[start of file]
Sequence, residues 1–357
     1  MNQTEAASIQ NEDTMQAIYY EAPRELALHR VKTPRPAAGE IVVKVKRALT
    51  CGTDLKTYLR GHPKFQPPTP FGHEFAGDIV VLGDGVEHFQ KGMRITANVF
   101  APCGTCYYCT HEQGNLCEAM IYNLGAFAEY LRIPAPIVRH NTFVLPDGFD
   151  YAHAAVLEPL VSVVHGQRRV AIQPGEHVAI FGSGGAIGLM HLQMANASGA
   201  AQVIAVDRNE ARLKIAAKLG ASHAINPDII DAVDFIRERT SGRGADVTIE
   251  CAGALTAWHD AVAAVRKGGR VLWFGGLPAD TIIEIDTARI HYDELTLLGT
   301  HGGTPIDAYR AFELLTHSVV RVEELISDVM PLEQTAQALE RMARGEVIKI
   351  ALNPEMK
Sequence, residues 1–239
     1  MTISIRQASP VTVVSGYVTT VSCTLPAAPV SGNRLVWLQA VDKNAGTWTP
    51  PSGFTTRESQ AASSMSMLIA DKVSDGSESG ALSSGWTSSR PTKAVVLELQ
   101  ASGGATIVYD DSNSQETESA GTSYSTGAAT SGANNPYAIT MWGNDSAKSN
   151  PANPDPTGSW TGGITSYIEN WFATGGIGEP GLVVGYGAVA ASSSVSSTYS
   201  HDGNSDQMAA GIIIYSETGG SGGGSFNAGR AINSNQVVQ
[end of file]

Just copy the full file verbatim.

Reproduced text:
Sequence, residues 1–357
     1  MNQTEAASIQ NEDTMQAIYY EAPRELALHR VKTPRPAAGE IVVKVKRALT
    51  CGTDLKTYLR GHPKFQPPTP FGHEFAGDIV VLGDGVEHFQ KGMRITANVF
   101  APCGTCYYCT HEQGNLCEAM IYNLGAFAEY LRIPAPIVRH NTFVLPDGFD
   151  YAHAAVLEPL VSVVHGQRRV AIQPGEHVAI FGSGGAIGLM HLQMANASGA
   201  AQVIAVDRNE ARLKIAAKLG ASHAINPDII DAVDFIRERT SGRGADVTIE
   251  CAGALTAWHD AVAAVRKGGR VLWFGGLPAD TIIEIDTARI HYDELTLLGT
   301  HGGTPIDAYR AFELLTHSVV RVEELISDVM PLEQTAQALE RMARGEVIKI
   351  ALNPEMK
Sequence, residues 1–239
     1  MTISIRQASP VTVVSGYVTT VSCTLPAAPV SGNRLVWLQA VDKNAGTWTP
    51  PSGFTTRESQ AASSMSMLIA DKVSDGSESG ALSSGWTSSR PTKAVVLELQ
   101  ASGGATIVYD DSNSQETESA GTSYSTGAAT SGANNPYAIT MWGNDSAKSN
   151  PANPDPTGSW TGGITSYIEN WFATGGIGEP GLVVGYGAVA ASSSVSSTYS
   201  HDGNSDQMAA GIIIYSETGG SGGGSFNAGR AINSNQVVQ